Disentangling the Drivers of β Diversity Along Latitudinal and Elevational Gradients

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Science  23 Sep 2011:
Vol. 333, Issue 6050, pp. 1755-1758
DOI: 10.1126/science.1208584


Understanding spatial variation in biodiversity along environmental gradients is a central theme in ecology. Differences in species compositional turnover among sites (β diversity) occurring along gradients are often used to infer variation in the processes structuring communities. Here, we show that sampling alone predicts changes in β diversity caused simply by changes in the sizes of species pools. For example, forest inventories sampled along latitudinal and elevational gradients show the well-documented pattern that β diversity is higher in the tropics and at low elevations. However, after correcting for variation in pooled species richness (γ diversity), these differences in β diversity disappear. Therefore, there is no need to invoke differences in the mechanisms of community assembly in temperate versus tropical systems to explain these global-scale patterns of β diversity.

Some of the most striking and frequently documented patterns in ecology are that species richness in local communities generally declines with increasing latitude and elevation, such that the diversity of many clades peaks in lowland, tropical areas (1, 2). The mechanisms underlying these gradients are often difficult to distinguish because multiple processes operating at multiple scales may govern geographic variation in diversity (3). For example, declines in diversity with elevation and latitude could result from deterministic community assembly processes at local scales (4, 5). Alternatively, spatial variation in local diversity could depend on processes that operate at larger scales (e.g., speciation, extinction, and biogeographic dispersal), which trickle down to affect diversity in the embedded localities (6, 7). One way to disentangle such multiscale effects is to examine patterns of diversity across scales, with a particular focus on β diversity (a measure of compositional differences among samples), which links local (α) to larger-scale (γ) diversity (811). Differences in β diversity along biogeographic gradients have been interpreted as reflecting differences in the ecological processes acting along these gradients, including variation in the range size (11) and dispersal ability (9) of species and in the strength of local processes, such as habitat filtering (8).

As an example of how β diversity decreases with latitude and elevation, and the corresponding changes in α and γ diversity, we use two data sets of woody plants. The first is from 197 locations along a latitudinal gradient spanning more than 100° (12, 13), and the second is a similar set of eight locations spanning a 2250-m elevational gradient in Carchi, Ecuador (14, 15). We define α diversity as the species richness of a single 0.01-ha subplot, γ diversity as the total richness of the 10 subplots (totaling 0.1 ha) at a location, and β diversity as the heterogeneity in species composition (16) among the 10 subplots of 0.01 ha each established at each location, measured as the multiplicative β partition (β=1α¯/γ) (17, 18). This spatial scale is smaller than has been used in many other studies of β diversity, but it is appropriate to capture responses to fine-grained environmental heterogeneity (19), as well as the local neighborhood interactions that are known to strongly influence community assembly in temperate (20) and tropical (21) forests, although it does not capture coarser-grained environmental effects.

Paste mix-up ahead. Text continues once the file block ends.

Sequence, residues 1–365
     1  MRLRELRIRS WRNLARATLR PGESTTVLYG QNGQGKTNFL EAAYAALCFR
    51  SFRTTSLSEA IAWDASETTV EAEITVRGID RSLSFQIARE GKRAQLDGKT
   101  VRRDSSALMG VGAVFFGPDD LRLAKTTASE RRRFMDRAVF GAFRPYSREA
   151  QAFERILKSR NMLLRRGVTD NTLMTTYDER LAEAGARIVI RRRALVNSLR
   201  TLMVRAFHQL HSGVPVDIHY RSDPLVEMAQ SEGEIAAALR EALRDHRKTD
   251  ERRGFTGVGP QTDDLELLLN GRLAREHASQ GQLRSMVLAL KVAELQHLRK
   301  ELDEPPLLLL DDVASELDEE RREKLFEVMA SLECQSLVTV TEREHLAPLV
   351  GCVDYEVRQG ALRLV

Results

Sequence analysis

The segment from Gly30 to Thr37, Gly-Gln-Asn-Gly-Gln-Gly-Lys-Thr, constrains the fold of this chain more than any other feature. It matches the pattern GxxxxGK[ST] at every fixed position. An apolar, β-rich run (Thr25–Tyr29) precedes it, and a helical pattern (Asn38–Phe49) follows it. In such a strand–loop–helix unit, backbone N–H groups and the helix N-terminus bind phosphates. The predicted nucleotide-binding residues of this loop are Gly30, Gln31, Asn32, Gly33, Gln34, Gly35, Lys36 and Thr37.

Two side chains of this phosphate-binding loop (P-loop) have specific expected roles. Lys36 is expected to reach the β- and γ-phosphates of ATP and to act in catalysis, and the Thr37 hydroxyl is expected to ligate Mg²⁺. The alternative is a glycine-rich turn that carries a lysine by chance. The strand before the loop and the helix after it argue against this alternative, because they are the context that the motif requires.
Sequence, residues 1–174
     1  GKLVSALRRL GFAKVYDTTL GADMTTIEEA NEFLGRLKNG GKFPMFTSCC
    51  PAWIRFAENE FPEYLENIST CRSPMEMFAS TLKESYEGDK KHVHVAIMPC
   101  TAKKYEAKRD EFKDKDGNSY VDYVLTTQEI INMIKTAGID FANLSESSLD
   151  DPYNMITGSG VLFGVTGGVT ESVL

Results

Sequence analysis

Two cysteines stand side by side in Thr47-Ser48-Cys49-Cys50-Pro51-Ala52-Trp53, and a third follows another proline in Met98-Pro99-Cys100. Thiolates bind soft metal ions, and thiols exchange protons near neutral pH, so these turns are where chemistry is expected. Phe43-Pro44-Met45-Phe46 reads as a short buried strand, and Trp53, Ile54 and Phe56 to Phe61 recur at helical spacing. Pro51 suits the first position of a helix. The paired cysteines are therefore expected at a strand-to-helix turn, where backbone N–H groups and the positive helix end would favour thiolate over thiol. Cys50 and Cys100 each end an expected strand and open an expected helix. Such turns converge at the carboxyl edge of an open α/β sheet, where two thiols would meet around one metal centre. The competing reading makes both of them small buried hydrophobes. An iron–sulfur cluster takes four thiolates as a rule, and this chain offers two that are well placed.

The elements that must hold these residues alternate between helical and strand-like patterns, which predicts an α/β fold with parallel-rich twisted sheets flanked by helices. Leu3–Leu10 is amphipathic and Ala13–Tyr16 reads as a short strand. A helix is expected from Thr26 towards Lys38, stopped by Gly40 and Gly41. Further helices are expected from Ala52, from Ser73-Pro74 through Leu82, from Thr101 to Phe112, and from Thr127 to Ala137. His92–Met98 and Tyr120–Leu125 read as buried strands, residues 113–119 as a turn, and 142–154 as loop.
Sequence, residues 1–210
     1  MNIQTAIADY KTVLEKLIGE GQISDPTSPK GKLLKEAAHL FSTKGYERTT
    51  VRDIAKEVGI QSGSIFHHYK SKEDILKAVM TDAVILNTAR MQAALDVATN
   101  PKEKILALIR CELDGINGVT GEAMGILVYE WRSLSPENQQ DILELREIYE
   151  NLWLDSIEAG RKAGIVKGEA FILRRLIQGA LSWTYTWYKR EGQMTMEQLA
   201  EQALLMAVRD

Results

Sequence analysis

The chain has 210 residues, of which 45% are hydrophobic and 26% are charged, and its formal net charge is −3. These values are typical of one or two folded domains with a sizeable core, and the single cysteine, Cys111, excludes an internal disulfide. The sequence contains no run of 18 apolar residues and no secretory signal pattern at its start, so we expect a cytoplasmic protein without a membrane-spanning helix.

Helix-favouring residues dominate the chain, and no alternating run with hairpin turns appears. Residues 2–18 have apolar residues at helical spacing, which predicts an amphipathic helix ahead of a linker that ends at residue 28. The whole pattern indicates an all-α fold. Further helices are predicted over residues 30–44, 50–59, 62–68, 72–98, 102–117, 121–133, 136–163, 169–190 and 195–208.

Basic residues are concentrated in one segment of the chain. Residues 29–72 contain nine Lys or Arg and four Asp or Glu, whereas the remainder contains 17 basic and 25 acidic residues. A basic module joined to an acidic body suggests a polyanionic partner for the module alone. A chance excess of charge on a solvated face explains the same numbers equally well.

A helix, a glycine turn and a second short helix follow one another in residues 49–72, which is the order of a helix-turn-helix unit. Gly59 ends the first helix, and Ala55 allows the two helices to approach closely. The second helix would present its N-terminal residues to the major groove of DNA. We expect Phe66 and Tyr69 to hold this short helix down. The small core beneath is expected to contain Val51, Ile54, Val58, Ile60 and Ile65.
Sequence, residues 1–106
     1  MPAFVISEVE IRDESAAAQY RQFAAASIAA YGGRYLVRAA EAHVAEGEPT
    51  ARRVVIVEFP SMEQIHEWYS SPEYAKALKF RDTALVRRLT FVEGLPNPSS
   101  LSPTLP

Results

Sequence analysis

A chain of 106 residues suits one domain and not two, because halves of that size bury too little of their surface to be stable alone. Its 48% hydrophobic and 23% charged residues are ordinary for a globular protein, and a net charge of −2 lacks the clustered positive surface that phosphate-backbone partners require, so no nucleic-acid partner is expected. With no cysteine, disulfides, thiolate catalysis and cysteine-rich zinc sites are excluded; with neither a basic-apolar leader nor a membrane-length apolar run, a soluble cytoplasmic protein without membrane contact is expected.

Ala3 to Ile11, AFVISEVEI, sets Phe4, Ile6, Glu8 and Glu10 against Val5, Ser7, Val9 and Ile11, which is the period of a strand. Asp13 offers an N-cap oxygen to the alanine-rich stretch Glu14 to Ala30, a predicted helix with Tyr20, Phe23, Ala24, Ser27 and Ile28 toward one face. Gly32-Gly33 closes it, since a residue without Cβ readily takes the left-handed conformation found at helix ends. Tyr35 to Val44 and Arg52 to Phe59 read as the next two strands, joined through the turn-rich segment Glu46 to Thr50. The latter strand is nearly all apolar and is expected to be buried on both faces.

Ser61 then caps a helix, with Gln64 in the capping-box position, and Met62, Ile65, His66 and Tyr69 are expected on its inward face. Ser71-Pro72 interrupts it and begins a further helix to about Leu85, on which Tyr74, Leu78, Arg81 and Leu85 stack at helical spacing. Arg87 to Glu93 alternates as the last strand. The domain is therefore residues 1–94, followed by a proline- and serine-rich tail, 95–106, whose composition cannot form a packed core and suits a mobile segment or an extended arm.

In these data sets, sampled woody plant diversity at both smaller (α diversity) and larger (γ diversity) spatial scales declines with increasing latitude (Fig. 1A) (12, 22) and elevation (Fig. 1B) (14). Because γ diversity declines more rapidly along both gradients than does α diversity, β diversity therefore declines with increasing latitude (Fig. 1C) and elevation (Fig. 1D). Thus, these data sets, although collected at small spatial scales, show the same patterns typically seen in larger-scale analyses (8).

Fig. 1

Latitudinal and elevational trends in mean α and γ diversity for woody plants (A and B) drive a significant correlation between latitude and β diversity (C) and elevation and β diversity (D). β diversity is measured as the β partition (Embedded Image).

Although a common explanation for these declines in β diversity would help explain latitudinal and elevational diversity gradients, caution is needed before ascribing any possible ecological mechanisms to these declines in β diversity. It is widely recognized that β diversity is a simple function of α and γ diversity regardless of how it is calculated (e.g., multiplicative, β=γ/α¯; additive, β=γα¯; or β partition, β=1α¯/γ), and, therefore, is not independent of variation in either α or γ diversity (16, 23, 24). Even supposed “true” measures of β diversity (25) can vary simply because of changes in γ diversity (26). Because γ diversity varies along both latitudinal and elevational gradients, its influence on α and β diversity must be accounted for before any ecological explanations are offered.